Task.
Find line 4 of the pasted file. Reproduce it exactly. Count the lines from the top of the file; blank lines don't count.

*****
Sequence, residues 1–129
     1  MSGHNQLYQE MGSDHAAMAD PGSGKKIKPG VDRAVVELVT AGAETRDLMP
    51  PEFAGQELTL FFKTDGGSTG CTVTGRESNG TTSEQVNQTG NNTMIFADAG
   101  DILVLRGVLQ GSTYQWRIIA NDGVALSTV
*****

   101  DILVLRGVLQ GSTYQWRIIA NDGVALSTV